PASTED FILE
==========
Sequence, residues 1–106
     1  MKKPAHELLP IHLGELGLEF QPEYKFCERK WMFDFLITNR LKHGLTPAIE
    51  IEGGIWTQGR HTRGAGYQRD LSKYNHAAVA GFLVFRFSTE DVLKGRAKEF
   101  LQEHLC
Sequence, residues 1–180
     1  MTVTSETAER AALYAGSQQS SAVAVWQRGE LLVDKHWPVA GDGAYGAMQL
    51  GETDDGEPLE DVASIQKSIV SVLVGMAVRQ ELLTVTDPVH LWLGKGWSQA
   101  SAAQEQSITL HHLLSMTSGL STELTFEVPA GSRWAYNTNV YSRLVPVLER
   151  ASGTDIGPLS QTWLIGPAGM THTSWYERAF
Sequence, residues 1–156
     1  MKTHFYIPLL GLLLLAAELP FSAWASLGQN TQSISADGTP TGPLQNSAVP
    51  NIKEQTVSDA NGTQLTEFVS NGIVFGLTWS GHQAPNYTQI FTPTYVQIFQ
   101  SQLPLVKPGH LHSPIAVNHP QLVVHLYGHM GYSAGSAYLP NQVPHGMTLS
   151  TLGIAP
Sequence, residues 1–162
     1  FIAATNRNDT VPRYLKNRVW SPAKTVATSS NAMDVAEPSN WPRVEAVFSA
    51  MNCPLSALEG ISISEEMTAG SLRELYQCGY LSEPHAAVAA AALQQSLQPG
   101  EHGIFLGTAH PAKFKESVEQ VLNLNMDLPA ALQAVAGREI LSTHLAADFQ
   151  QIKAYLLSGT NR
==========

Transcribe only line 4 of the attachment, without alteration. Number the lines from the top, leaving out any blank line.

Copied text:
   101  LQEHLC